For the last ten years or so I have had this recurring dream. I am in a large house. It usually starts off being The Old Rectory, the first house we lived in when we moved from London, but then I realise there are parts of it I didn’t know were there. I walk through whole wings, endless bedrooms, hidden corridors, dusty echoing spaces. Firstly I feel overwhelmed. How can I cope with all this? And then comes a feeling of mounting dread. There is some evil hidden away here, something that mustn’t be awoken. The feeling intensifies and it becomes a nightmare – the kind that has one waking with a gasp, heart pounding, scrabbling for the light.
As I walked into Yobaba Lounge I felt a jolt. This place. What was it? Then Gertrud gave me a tour of the whole house and I realised. This was the place in my dream. Or very close. The house is vast, so vast Gertrud isn’t quite sure how many rooms there actually are. ‘I think there were fifty originally,’ she says. ‘But now, since we took out partitions and so on? Who knows?’ Many have been beautifully restored but even more are still slumbering. Some rooms you can’t even access – they are blocked up. How weird is that?
Now I’m fascinated by houses, by homes. So much so that I wrote five books about them (well, six if you include the illustrated version of Spirit of the Home). I firmly believe homes have personalities just as distinct as people’s. Even new homes, brand new places, can’t help but be influenced by the land on which they are built; by their proximity to other places; by the layout of their rooms; by the direction in which they face. The Chinese knew this and developed the art and science of feng shui to explain it. The Indians knew it and developed Vastu Shastra for the same reasons. I could go on, with examples from all the indigenous traditions of the world, but you get the picture.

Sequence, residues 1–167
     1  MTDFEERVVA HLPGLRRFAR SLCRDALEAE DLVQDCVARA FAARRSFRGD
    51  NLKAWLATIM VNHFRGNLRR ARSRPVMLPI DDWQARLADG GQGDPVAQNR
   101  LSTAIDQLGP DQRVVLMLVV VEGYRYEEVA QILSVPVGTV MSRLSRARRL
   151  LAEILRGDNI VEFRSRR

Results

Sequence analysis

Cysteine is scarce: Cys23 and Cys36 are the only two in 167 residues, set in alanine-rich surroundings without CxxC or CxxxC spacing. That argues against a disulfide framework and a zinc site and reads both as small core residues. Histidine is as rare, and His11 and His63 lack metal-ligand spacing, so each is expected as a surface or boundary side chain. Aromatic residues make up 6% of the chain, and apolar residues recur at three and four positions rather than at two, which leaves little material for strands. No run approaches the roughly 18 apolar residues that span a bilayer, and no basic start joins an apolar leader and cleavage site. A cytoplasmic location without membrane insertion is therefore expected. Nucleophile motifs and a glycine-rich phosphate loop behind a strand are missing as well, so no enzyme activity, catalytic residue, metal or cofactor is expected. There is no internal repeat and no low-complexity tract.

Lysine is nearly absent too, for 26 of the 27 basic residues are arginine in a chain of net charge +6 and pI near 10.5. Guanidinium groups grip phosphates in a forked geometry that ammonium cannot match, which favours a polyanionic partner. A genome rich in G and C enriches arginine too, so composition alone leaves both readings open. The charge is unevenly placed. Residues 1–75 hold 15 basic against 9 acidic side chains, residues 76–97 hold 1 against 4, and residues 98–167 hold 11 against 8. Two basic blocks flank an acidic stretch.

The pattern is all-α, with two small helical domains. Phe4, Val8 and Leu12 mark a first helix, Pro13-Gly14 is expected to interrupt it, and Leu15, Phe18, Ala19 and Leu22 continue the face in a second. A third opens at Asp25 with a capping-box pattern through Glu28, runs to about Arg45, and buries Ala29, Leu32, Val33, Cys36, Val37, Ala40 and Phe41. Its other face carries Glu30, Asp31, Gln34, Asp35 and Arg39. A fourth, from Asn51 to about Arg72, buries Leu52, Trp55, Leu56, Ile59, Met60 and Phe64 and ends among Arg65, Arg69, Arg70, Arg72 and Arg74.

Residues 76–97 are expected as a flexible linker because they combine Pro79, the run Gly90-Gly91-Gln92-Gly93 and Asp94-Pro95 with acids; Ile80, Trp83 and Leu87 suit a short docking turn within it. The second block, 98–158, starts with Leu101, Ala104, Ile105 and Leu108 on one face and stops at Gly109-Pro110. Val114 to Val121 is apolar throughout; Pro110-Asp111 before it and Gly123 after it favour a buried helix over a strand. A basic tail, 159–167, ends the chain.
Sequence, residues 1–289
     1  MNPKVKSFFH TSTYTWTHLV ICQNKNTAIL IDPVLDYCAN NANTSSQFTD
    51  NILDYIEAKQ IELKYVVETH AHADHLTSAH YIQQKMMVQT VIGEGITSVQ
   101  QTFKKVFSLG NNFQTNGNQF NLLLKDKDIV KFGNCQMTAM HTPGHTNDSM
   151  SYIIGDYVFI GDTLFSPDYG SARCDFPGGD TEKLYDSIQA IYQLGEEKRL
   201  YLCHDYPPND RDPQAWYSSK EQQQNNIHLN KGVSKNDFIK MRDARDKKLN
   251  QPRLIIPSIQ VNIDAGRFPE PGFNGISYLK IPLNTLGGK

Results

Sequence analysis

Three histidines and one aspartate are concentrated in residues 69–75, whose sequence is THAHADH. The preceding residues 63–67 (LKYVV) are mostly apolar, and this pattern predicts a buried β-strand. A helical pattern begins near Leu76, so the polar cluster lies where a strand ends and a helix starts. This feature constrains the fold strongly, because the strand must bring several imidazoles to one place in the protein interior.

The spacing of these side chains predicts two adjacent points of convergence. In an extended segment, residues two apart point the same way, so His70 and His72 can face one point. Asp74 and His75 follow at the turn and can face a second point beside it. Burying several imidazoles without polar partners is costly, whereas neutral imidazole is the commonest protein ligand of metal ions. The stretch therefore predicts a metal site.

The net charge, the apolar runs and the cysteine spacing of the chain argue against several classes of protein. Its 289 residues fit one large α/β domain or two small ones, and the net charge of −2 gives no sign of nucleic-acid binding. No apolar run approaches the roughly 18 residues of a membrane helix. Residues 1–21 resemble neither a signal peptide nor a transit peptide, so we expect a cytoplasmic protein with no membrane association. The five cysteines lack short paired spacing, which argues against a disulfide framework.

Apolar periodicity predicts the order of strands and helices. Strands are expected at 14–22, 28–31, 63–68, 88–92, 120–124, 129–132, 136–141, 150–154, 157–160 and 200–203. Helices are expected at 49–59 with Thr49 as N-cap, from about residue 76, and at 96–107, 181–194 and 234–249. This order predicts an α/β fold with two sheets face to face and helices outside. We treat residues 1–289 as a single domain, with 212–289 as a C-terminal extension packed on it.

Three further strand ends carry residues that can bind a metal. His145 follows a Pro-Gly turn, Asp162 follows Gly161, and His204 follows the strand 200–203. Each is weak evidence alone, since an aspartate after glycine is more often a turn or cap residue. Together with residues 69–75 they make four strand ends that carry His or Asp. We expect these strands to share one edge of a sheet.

This one had more than a personality; it had the resonance of a temple. And, as I lay on the hammock, idly gazing back at the house, something struck me. The main part with its three pillars mapped out the Kabbalistic Tree of Life. Ten windows for ten sephiroth. Except…it didn’t quite fit. But then…doh…the bottom sephirah is Malkuth, the Kingdom, the realm of Earth. So, go figure, Malkuth is the Earth, the ground on which the chateau sits. And then it all fitted perfectly. It links neatly with tantric yoga too – with its triangles pointing up (Shiva) and down (Shakti). And I spun it round, so it became three-dimensional and then it became a Merkaba, a divine space-time ship. Oh, I do so love this kind of playful mind game.
This illustration of the Tree of Life shows it pretty clearly. So, Malkuth (Malchut, the bottom red sphere) is in the Earth. Da'at is the 'hidden' sephirah, known as 'Knowledge' - it corresponds with the Abyss that separates the lower spheres from the supernal triangle.
It’s pretty common to look at a house with an eye to the chakras (so downstairs rooms are lively and earthy and need equally punchy earthy colours – vibrant reds and sociable oranges and energising yellows). As you move up to the next floor, more soothing balancing colours come in – blues or greens for sleeping. And up the top, should one have space, is the ideal place for meditation rooms (in shades of violet, indigo or pure white). So, no wonder that Gertrud and Mangalo had placed the yoga shala up at the top of the house – in Kether, the crown chakra – and no wonder it was such a peaceful space, conducive to deep states of meditation.
Does any of this matter? No, not really. Does it have a practical application? Well, only in as far as one could work with the energy of the house, by boosting the energy of certain spaces. But mainly, it’s just cosmic play.
And, oh…my dream house? I found out what had been hiding in the dark corners. Am I brave enough to tell you? I’m not sure.